More generally, if G is a topological groupoid (a groupoid object in Top), we can construct its classifying topos. This can be defined as follows: Take the enriched nerve of G to obtain a simplicial space, applying the functor "Sh" (viewing the nerve as a diagram of space) and obtain a simplicial topos. Now take the (weak) colimit of the diagram to obtain a topos BG. This topos can be described concretely as equivariant sheaves over G_0.

Geometrically, BG is a model for the topos of "small sheaves" over the topological stack associated to G. In fact, on etale topological stacks* (this include all orbifolds), we also have an equivalence between maps of stacks and geometric morphisms between their categories of sheaves, so, there is a subcategory (sub-2-category) of Grothendieck topoi which is equivalent to etale topological stacks. These Grothendieck topoi are called topological etendue.

*(over sober spaces)

It turns out that a large class of topoi can be obtained as BG for some topological groupoid. In fact, every Grothendick topos "with enough points" is equivalent to BG for some topological groupoid. The more general statement is that EVERY Grothendieck topos is equivalent to BG for some localic groupoid (a groupoid object in locales). Since locales are a model for "pointless topology", we see in some sense, every Grothendieck topos is "topological". You can make sense of the statement that every Grothendieck topos is equivalent to the category of small sheaves on a localic stack.

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I would tend to think that in Charley's reply above the sentence

There are two concepts which both get called a topos, so it depends on who you ask.

is misleading. As Charley mentions himself afterwards, a Grothendieck topos (a category of sheaves) is a special case of the general notion of topos. It's not like there is a conflict in terms.

One may even consider further special cases that go further in the direction from general toposes to things that look more like topological spaces: the next step are the localic toposes, which are those that are categories of sheaves on categories of open subsets of a topological space.

This, in turn, is seen in higher topos theory (search the keywors on the nLab, I can't post more than one link here, unfortunately) as the beginning of an infinite hierarchy of n-localic oo-toposes: 0-localic toposes are like ordinary topoligcal while as the n in n-localic increases they become more and more objects in "derived geometry". Again, search the nLab for these keywords for more on that.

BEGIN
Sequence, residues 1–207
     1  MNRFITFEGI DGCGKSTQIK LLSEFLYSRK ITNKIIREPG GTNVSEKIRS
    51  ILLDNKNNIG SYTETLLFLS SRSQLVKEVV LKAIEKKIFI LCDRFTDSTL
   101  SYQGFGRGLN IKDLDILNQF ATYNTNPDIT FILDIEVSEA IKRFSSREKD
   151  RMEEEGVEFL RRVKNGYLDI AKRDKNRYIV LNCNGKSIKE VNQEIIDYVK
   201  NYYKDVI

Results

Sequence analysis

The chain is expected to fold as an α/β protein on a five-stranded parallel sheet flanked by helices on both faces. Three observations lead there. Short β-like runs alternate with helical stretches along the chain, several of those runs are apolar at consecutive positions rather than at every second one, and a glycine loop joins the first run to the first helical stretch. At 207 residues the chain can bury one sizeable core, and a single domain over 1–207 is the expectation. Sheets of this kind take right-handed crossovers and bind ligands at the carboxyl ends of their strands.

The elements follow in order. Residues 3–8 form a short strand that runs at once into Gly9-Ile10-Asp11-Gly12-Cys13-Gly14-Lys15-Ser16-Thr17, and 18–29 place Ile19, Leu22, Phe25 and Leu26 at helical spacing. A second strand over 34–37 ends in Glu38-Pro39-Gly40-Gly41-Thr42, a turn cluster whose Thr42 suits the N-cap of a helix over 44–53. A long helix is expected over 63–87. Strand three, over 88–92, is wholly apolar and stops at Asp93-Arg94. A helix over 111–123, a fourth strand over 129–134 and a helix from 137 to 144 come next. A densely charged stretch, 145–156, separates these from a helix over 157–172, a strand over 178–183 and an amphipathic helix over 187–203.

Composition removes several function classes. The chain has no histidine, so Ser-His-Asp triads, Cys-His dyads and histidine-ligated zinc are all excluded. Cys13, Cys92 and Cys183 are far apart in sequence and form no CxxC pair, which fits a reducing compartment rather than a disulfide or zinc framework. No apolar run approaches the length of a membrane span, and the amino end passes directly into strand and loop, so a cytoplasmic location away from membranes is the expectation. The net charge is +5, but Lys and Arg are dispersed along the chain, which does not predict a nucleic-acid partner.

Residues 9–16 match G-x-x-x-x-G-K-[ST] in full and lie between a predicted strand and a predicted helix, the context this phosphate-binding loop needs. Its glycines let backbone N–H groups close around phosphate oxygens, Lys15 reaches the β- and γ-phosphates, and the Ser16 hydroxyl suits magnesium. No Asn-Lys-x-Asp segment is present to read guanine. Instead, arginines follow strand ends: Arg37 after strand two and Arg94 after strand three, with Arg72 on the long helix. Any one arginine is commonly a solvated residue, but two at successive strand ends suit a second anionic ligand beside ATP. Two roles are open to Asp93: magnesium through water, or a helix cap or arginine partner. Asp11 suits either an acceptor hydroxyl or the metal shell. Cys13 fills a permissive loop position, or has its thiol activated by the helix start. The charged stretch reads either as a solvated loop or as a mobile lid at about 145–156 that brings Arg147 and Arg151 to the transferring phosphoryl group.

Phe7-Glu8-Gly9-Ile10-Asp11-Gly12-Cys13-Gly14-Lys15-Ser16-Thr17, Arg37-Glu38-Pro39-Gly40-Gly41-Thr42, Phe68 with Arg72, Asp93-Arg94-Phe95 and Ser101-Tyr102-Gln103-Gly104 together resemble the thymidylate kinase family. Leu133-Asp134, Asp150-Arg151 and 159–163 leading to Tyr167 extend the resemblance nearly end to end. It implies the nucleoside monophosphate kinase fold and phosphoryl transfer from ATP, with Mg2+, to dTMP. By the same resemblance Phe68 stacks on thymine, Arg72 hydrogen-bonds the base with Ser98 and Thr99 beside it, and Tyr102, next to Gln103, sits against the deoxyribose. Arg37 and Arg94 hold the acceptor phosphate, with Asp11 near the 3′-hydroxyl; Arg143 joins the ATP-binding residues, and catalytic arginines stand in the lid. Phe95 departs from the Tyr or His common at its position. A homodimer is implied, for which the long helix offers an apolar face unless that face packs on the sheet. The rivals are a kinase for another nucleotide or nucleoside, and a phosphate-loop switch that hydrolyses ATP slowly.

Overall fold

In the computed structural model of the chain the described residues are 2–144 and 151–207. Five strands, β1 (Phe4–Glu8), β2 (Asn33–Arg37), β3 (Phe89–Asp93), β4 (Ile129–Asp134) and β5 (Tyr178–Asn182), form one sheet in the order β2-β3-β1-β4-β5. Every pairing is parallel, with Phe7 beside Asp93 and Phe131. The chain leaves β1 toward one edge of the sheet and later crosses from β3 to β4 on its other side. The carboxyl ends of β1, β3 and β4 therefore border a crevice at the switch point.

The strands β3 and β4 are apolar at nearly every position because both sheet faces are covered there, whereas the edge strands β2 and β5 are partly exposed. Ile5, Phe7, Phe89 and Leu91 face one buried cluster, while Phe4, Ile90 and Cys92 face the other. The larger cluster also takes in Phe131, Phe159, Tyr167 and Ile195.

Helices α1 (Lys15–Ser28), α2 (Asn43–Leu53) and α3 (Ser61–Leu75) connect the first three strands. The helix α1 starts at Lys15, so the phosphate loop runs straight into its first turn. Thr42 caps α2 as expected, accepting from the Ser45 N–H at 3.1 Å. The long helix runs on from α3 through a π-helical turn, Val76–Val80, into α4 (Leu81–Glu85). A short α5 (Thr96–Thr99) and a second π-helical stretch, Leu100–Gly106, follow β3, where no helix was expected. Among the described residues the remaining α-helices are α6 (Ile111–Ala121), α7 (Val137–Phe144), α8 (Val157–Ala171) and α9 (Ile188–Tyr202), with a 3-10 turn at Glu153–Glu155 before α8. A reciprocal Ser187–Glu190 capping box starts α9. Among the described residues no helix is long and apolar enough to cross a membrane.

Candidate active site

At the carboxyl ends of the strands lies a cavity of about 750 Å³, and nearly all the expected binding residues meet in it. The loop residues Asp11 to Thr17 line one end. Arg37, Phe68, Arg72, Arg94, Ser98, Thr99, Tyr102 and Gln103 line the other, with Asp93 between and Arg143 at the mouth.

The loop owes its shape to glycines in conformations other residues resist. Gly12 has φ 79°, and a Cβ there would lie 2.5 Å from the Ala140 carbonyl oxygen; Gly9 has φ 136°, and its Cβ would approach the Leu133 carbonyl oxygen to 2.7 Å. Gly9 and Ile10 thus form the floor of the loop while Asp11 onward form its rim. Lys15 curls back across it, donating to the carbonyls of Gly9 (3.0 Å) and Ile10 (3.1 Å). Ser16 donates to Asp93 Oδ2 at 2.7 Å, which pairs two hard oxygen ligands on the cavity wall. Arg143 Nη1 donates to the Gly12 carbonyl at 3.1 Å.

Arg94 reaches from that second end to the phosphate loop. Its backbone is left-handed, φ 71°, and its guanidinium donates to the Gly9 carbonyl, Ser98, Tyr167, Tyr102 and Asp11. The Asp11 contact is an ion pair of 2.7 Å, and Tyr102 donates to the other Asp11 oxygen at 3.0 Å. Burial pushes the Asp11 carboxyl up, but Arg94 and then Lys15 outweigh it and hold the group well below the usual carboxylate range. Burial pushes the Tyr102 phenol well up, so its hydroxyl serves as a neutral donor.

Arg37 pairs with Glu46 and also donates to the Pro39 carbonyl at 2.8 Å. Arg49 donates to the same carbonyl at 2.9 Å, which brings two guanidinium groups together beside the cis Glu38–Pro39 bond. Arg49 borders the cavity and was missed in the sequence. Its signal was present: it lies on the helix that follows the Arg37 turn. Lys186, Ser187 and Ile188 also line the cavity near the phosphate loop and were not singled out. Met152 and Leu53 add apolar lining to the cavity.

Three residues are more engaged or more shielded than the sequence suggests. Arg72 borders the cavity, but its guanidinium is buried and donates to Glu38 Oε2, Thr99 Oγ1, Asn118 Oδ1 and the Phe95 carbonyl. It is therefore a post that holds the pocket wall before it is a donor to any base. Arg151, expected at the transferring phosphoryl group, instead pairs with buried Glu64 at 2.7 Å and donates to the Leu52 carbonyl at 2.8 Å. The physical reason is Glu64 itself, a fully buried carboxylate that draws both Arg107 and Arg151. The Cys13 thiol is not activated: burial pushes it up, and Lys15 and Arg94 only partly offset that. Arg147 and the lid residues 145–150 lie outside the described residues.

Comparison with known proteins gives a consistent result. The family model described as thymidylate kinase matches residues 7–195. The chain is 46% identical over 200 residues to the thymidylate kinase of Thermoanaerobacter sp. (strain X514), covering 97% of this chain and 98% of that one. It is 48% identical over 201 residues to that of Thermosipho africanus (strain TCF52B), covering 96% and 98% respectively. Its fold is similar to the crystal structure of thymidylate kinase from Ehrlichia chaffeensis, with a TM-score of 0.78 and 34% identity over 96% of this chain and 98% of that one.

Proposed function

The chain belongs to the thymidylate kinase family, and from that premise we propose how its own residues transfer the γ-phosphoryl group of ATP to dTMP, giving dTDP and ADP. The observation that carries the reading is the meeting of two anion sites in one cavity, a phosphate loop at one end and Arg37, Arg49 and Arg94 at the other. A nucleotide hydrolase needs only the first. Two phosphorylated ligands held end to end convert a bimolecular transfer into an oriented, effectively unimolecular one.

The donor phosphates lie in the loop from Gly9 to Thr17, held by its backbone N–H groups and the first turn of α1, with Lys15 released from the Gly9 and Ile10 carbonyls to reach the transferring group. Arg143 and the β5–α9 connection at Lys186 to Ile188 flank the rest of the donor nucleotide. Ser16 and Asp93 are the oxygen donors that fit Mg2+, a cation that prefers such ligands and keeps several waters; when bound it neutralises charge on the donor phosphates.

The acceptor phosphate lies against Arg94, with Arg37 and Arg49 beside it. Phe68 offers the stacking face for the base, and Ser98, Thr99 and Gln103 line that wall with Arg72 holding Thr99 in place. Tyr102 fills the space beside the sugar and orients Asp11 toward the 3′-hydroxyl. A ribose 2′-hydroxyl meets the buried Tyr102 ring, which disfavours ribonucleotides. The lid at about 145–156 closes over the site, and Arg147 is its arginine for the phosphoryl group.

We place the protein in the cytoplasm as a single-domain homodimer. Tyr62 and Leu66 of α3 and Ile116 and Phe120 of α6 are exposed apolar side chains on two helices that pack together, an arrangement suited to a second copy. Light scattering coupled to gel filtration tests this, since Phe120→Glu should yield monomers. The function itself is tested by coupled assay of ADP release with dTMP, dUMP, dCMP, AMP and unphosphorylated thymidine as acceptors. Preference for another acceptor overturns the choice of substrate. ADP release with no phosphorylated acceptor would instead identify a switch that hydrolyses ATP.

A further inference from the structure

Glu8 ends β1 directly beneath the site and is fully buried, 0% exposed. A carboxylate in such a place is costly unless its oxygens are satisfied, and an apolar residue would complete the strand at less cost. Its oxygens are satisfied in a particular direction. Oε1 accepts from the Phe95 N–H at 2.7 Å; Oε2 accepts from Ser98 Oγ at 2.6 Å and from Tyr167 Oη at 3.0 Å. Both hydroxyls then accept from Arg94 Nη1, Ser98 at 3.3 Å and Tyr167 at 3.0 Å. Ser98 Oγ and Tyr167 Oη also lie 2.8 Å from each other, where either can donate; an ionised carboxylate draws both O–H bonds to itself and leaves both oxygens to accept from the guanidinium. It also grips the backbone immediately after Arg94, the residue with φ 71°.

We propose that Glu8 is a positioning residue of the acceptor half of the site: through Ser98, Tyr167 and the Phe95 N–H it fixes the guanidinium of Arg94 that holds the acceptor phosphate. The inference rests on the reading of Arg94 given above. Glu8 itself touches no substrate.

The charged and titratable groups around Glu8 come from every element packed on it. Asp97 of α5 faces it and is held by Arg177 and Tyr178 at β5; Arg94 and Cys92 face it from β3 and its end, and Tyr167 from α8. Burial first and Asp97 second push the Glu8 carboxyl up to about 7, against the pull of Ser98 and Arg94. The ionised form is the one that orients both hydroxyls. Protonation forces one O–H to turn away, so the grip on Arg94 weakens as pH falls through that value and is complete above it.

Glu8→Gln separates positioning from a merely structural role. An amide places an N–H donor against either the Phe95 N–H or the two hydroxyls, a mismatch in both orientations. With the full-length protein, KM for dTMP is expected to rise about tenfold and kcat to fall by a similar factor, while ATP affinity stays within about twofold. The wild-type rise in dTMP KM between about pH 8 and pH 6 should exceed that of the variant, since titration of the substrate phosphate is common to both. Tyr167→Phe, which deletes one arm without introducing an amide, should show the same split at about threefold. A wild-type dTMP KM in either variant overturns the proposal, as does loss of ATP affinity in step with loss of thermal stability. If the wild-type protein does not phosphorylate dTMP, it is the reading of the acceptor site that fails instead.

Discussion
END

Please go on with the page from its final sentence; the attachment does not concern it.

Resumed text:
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The entry nLab: topos provides some more details and in particular provides further links, also to material on higher toposes.

Urs Schreiber

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As Charley mentions, topoi have many nice properties, and since a topos is something which looks like sheaves of sets on a Grothendieck site, it should be clear why a topos theory would be useful. In his book, Lurie develops, among other things, a theory of infinity-topoi, of which perhaps the main example of interest is sheaves of topological spaces on a Grothendieck site. This case is already extremely interesting.

One of the reasons why we might want to consider "sheaves of topological spaces" is because we want to obtain a construction of tmf ("topological modular forms"), which is the "universal elliptic cohomology theory". An elliptic cohomology theory is a cohomology theory (in the sense of Eilenberg-Steenrod) which is associated to an elliptic curve. By the Brown representation theorem, a cohomology theory can be identified with a spectrum (in the sense of homotopy theory), which is a sequence of topological spaces satisfying some properties. So, following this very rough reasoning, we should have a sheaf (or maybe a presheaf, but we can sheafify) of topological spaces (or rather spectra) over the moduli stack of elliptic curves. Then we would like to take global sections of this sheaf to obtain the universal elliptic cohomology theory tmf. To make all of this precise, it helps to have a good theory of sheaves of topological spaces on a Grothendieck site, and in turn a good theory of infinity-topoi. See Lurie's paper "A survey of elliptic cohomology" for some more details on this.